My love letter to an iconic all-American female

Today I want to share with you the poem The New Colossus, written in 1883 in New York City by Emma Lazarus. Why?

Inauguration celebrations, October 1886.

Because it is a beautiful poem. I invariably get a tear—or two—when I read it, hear it, or recite it. I even memorized it, in 2012, before my family went on a Disney Cruise out of New York City. I had just heard the story of the woman who wrote it, and I wanted to recite it right as the cruise ship passed the Statue of Liberty. This was an ironic joke on me, because the two times we went by it, I was own in my cabin! But I am glad to have learned it; now it will be with me always.

Travelers aboard a steamship can see the Statue of Liberty in the distance.

Because every time this beacon came into view when steamships full of new immigrants entered New York Harbor, the steamships would literally tilt dangerously to one side: Everyone was standing on the same side of the boat to see her. The legend that many of these people wept upon seeing her is a true one. Even in a scene from the best sitcom ever, The Golden Girls, Sophia  Petrillo recalls this moment. “But beyond her was the Statue of Liberty. I remember the first words I shouted out, ‘there she is, Lady Liberty.’ I also remember the second words I shouted out, ‘slow down, you yutz, you’re going past her!'”

Emma Lazarus 1849-1887 (notablebiographies.com)

Because I am so deeply moved by the story of the poet, Emma
Lazarus, who never saw the completed Statue herself, that I am compelled to share it. She wrote and donated the poem to help raise money when there was not enough to finance construction of the pedestal. The only part of the Statue that the public had seen was the arm and torch. In 1887, on her return to New York after a two-year trip to Europe, construction on the towering Statue had been completed. It could easily have been seen from her steamship. But she was too ill with Hodgkin’s Lymphoma to venture out on deck. Emma Lazarus passed the colossal “Mother of Exiles” in all her finished glory, and never saw her. She died two months later, at 38 years old. I will never see the Statue of Liberty in the same way after hearing this story. I hereby honor Emma Lazarus by sharing her words. I love their assertive feminism blended so seamlessly with soft femininity.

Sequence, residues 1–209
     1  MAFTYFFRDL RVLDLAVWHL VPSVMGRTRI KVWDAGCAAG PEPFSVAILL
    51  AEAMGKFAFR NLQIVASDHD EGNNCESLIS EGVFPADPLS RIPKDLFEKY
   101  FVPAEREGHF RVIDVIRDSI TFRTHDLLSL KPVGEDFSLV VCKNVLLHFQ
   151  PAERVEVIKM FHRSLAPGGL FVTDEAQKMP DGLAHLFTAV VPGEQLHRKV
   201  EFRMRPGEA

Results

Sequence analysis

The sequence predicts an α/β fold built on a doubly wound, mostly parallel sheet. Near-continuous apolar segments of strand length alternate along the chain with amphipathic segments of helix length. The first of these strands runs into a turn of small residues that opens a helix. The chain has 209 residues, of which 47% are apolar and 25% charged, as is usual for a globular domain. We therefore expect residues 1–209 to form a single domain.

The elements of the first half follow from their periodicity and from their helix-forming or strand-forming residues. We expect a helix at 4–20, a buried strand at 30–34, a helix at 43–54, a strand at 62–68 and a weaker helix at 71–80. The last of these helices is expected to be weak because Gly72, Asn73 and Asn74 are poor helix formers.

The arm and torch of the Statue of Liberty, on display in Madison Square Park from 1876 to 1882 as part of the fundraising efforts for construction of the pedestal.

Because I had eagerly explored ways to incorporate the poem in my novel, set in 1911 New York City. After trying several angles, I’d given up on it. And that was okay, because it made no sense to force it. Earlier this week, I found a way (it’s so obvious to me now!) for the poem to fit into the story.

The (“Old”) Colossus of Rhodes. One of the Seven Wonders of the Ancient World, it also sat in the harbor of a prominent world city. It symbolized superior military prowess.

Because the role of immigrants is still an intensely relevant topic in America. And the words in this poem continue to speak to the plight of immigrants with incomparable poignancy more than 100 years later.

Because I think that not enough people know this poem, even though most are at least familiar with the ubiquitous two or three lines toward the end. My proof? I told my brilliant husband, who knows a lot about history and also knows better than anyone of my fixation with this story, that I was preparing a blog post about The New Colossus, and he said, “Oh, great! … What’s that?”

Because I love New York, love the story of this poem, love the poem itself. Enjoy.

Not like the brazen giant of Greek fame,
With conquering limbs astride from land to land;
Here at our sea-washed, sunset gates shall stand
A mighty woman with a torch, whose flame
Is the imprisoned lightning, and her name
Mother of Exiles. From her beacon-hand
Glows world-wide welcome; her mild eyes command
The air-bridged harbor that twin cities frame.
“Keep, ancient lands, your storied pomp!” cries she
With silent lips. “Give me your tired, your poor,
Your huddled masses yearning to breathe free,
The wretched refuse of your teeming shore.
Send these, the homeless, tempest-tossed to me,
I lift my lamp beside the golden door!”
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